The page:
Now that we have established what needs explaining (biological information, and the origin and functional interrelatedness of cellular machinery) and the scientific method biologists employ to formulate an explanation, we turn our attention to the four possible explanations for life’s origin: (1) Chance; (2) Necessity; (3) Combination of chance and necessity; (4) Intelligent agency.  In this post I will examine the possibility that life can be explained in terms of chance processes alone.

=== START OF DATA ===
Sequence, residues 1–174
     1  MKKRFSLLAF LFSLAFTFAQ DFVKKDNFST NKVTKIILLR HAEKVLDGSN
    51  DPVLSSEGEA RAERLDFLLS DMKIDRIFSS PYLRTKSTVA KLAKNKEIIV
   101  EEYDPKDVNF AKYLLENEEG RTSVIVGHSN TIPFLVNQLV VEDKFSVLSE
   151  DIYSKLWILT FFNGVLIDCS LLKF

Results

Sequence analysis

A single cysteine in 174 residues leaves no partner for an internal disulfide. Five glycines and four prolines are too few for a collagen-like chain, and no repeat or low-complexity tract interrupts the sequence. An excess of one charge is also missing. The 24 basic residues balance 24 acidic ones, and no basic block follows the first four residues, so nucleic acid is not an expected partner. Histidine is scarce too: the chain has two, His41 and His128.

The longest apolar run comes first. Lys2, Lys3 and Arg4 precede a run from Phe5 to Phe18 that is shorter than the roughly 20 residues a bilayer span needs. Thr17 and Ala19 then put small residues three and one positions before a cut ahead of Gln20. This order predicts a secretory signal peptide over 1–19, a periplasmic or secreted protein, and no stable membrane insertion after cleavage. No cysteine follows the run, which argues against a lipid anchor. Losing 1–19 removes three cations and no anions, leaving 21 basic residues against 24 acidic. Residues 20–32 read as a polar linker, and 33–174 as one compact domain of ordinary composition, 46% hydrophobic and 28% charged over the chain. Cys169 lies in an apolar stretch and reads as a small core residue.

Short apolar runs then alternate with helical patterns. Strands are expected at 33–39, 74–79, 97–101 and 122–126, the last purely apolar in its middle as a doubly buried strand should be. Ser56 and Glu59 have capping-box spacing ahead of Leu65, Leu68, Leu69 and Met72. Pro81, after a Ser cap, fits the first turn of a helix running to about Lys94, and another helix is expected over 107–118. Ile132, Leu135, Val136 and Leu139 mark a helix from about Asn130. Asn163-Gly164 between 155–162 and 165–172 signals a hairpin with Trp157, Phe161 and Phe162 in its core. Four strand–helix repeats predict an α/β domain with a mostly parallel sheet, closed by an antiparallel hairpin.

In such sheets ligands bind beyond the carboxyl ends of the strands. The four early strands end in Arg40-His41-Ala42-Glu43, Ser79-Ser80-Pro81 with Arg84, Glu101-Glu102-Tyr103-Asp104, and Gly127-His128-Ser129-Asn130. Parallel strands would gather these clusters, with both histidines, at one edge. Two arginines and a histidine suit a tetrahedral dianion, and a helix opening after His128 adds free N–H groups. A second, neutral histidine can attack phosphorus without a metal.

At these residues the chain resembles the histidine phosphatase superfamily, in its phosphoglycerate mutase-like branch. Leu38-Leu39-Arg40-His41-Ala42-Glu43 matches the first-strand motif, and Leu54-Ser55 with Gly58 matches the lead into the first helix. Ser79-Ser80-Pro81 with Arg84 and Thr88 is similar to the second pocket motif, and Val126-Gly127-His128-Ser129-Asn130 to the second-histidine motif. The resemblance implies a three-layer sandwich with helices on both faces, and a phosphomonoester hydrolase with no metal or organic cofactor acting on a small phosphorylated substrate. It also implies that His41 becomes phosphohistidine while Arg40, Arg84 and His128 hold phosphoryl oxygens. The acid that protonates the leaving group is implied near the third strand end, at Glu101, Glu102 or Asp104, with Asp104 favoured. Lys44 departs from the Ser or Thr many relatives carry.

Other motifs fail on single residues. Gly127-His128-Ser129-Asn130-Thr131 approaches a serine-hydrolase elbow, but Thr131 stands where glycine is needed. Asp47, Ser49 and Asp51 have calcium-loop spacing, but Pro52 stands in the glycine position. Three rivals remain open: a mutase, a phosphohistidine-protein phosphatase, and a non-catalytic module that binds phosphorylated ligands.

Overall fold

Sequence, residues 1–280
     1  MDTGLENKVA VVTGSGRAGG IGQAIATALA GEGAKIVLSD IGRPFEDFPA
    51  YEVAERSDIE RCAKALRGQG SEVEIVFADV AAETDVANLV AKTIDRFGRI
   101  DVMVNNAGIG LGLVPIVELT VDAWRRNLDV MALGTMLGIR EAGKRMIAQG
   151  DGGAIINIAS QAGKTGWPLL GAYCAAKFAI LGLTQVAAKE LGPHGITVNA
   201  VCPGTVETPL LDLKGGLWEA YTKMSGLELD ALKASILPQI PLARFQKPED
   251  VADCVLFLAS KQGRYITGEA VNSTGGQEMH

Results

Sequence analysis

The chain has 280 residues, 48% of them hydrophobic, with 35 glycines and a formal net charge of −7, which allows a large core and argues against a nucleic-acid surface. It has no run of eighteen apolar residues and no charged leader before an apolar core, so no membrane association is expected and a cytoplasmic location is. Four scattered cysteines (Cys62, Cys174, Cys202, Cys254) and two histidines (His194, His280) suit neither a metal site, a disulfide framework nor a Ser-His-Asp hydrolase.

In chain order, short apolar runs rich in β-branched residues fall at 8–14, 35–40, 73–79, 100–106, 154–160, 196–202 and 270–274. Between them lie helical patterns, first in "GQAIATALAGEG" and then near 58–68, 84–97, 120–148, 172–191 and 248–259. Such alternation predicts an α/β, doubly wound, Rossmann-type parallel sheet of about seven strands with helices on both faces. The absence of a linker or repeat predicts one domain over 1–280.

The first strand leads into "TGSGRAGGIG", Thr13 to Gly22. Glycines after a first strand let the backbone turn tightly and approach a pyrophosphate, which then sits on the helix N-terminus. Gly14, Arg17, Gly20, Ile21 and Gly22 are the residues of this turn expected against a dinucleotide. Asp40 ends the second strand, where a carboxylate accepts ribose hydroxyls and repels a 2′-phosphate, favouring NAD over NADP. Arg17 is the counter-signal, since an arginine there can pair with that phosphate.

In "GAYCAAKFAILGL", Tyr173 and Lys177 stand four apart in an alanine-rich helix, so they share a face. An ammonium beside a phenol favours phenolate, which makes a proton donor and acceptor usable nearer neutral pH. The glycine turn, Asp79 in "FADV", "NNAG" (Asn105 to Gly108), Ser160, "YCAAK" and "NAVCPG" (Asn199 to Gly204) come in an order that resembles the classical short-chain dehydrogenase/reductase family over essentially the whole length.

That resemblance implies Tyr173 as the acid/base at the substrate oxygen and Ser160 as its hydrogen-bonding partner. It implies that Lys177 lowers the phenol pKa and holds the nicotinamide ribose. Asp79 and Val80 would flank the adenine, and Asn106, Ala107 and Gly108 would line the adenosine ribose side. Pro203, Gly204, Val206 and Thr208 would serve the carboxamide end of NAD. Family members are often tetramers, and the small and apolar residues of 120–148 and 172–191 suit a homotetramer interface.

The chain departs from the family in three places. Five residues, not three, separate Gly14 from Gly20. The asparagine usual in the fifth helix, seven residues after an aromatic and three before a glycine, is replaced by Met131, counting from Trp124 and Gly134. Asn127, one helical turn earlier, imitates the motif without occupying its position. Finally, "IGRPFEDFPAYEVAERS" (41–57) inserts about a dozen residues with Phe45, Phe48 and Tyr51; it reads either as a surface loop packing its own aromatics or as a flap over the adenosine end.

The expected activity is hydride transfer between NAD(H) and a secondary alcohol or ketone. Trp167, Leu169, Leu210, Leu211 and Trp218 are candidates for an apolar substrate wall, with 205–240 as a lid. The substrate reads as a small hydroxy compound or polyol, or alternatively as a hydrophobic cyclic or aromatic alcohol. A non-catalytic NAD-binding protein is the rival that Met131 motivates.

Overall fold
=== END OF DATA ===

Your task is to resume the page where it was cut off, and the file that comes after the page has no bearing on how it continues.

Just like the lottery, specific probabilities can be assessed for the origin of life by chance.  To illustrate how probabilities are assessed, consider a combination lock.  What are the chances of someone guessing the correct combination of a lock with four dials containing 10 digits each?  To determine the chances one must multiply the number of digits on each dial (10) by itself four times (because there are four dials): 10 x 10 x 10 x 10 = 10,000 different possible combinations.  The chances of guessing the correct combination, then, are 1 in 10,000.  If one more dial was added to the lock, it would decrease the odds by a factor of 10 (1 in 100,000).  If one is given only one try, the odds of getting the right combination are overwhelmingly against him—so much so that if the lock opened everyone would suspect that his selection was not random, but based on intelligence, or that the lock was faulty.  The odds of cracking the combination increase, however, as one increases the number of attempts.  If one is given 100,000 tries to guess the combination, then the odds are that he will eventually guess the combination through random attempts alone (if each try took 10 seconds, you could crack the 4-dial code in about 28 hours, and the 5-dial code in about 11 days).

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